I invited my friend and congregation’s pastor to attend with me. We don’t get to hang out much, and he’s a guy who’s much smarter than I am theologically (and maybe full-stop) and whose company I enjoy. In my very limited experience with things culturally Christian, a prayer breakfast is usually a pancake festival with second helpings encouraged and an early morning, come as you are, more-manly-than-usual church activity. I wore my favorite T-shirt, a pair of khaki cargo shorts, and those New Balance trail runners. Upon arrival, I quickly discovered that I was underdressed for the occasion; Theodore, with a wider experience of North American Christian subcultural mores, was appropriately attired for the occasion. A large number of men present wore suits.
Because I ‘d read again, and while the guy’s lack of insight or depth of character is glaring his comedic prose made me laugh out loud two or three times, the three chapters in Matt Taibbi’s The Great Derangement dealing with his infiltration of blowhard John Hagee’s Texas mega-“church”, I brought my copy along for Theodore’s amusement. He, in turn, loaned me his copy of Kevin Roose’s The Unlikely Disciple. Maybe more about Roose’s book another time.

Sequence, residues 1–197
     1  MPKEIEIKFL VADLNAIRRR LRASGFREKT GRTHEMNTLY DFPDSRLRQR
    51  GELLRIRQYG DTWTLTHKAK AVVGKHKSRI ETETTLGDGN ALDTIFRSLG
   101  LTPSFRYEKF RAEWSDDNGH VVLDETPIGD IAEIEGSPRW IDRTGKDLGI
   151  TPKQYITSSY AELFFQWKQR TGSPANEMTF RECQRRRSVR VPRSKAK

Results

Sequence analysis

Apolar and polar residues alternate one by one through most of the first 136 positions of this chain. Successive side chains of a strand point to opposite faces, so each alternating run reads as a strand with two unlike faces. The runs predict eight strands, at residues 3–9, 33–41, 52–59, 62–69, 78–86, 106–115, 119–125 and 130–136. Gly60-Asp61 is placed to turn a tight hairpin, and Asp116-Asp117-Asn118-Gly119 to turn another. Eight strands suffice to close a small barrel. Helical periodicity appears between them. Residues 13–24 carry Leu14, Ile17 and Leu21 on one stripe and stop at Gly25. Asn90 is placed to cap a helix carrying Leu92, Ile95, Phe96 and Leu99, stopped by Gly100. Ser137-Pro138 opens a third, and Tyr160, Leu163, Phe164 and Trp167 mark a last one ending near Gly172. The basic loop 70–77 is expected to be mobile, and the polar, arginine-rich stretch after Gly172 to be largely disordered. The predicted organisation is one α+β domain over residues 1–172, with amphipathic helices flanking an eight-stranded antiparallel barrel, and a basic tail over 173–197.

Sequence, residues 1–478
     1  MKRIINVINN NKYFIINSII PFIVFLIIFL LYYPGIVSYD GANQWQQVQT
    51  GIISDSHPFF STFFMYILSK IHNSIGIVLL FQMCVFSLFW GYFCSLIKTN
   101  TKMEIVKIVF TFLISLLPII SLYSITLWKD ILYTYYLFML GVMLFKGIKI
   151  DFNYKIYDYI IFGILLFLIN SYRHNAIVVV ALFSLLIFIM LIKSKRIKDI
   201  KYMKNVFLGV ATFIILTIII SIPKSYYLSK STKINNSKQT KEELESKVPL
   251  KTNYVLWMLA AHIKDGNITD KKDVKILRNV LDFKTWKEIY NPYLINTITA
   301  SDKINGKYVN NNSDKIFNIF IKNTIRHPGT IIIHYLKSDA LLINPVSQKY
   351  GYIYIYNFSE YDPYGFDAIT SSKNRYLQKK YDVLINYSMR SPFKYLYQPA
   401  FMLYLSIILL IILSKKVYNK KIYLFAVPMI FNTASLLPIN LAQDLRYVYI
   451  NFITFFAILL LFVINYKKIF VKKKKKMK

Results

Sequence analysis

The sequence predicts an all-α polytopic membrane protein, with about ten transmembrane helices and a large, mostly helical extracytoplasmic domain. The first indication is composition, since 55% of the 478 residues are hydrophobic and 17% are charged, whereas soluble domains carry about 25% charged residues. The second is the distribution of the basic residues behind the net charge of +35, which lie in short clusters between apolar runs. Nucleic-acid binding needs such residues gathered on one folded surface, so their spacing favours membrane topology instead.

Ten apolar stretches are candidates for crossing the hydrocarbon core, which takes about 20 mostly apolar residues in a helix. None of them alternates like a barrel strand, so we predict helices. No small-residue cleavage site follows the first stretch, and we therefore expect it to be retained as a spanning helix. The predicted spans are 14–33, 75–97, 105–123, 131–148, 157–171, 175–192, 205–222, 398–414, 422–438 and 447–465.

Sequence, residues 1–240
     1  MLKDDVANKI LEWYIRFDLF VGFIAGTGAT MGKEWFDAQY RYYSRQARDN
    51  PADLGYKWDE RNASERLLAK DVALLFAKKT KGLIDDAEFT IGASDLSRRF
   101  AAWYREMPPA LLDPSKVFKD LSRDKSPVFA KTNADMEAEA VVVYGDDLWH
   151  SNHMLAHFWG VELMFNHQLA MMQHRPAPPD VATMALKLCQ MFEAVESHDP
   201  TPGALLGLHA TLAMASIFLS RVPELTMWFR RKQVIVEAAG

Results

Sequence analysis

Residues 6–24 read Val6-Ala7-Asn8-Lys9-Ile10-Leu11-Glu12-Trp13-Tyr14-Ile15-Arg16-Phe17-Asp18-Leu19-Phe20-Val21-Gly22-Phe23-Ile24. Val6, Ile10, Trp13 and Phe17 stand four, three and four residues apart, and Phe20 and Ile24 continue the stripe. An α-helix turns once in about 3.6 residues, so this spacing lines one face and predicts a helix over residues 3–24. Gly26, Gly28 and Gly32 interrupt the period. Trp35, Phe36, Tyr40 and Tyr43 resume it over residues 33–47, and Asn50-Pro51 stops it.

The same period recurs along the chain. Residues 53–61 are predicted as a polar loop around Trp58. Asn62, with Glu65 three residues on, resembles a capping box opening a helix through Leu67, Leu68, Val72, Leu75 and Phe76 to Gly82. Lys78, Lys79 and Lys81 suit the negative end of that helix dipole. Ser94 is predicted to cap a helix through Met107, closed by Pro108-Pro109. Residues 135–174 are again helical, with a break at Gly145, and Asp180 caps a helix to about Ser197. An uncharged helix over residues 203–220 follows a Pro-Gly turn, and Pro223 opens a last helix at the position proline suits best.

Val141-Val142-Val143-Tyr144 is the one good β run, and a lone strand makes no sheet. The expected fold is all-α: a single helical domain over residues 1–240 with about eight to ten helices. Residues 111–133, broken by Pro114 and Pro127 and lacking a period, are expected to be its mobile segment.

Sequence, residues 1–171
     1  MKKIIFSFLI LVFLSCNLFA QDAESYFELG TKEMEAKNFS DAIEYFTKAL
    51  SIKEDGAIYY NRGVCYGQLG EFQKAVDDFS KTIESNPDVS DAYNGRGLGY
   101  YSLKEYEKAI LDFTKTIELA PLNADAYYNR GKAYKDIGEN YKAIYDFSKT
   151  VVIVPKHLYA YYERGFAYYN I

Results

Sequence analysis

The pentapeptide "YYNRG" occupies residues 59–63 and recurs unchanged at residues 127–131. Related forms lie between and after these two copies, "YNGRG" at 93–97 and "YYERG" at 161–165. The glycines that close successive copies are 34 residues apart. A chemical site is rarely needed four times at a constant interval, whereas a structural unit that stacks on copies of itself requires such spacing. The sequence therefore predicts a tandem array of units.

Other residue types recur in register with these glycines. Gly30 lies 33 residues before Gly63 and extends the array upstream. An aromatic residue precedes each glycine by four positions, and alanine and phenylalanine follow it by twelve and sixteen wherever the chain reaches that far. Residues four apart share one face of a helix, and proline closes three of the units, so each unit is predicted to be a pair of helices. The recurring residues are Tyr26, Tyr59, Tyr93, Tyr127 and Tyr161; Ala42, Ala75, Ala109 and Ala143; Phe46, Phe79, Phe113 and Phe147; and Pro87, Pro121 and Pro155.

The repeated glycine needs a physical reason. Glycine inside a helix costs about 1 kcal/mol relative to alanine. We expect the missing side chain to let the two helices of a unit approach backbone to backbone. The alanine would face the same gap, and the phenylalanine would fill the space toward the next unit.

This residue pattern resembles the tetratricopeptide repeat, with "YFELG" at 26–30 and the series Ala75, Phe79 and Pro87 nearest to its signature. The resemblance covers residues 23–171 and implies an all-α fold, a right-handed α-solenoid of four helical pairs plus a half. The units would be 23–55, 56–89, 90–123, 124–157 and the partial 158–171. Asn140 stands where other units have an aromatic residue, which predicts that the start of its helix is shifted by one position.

I saw one of my neighbors, a local industrialist I like and respect (he’s not from around here), and a retired colleague I was pleased to see. Theodore saw a couple of his former parishioners from his time a First Big Southern Church of Rural County Seat one county over. The meal was a one-serving affair of eggs, ham or bacon (I opted for bacon and was given one slice so I asked for ham, instead, and didn’t have to give my bacon slice back), a side I don’t remember, orange-juice and coffee.
The 21st was also the date Harold Camping had scheduled for the return of Christ to take his people out of the world (or Rapture them) prior to the Great Tribulation. And I wanted to see whether the Arminians had gotten worked up over this much publicized event. At their most extreme, Arminians believe they are constantly in peril of losing their salvation and their holiness. Their theological workaround is to narrowly define sin as “a willful transgression against a known law of God.” Sort of like the common law definition of burglary is, if memory serves, "a trespassory breaking and entering into a dwelling in the nighttime with the intent to commit a felony therein.” All the elements must be present for the act or omission to act to meet the definition of sin. Anything less falls under the category of “mistake.” I can think of no better reason for the average Arminian to avoid Bible reading, because that’s probably a good way to get know the laws of God, in addition to a bunch of other God-related information. A lot of “end-times” misinformation can be found in garage-sale discards penned by Hal Lindsey, a Joe Stalin lookalike who popularized the Dispensationalist idea of pre-millennial eschaton (have I spelled that correctly?).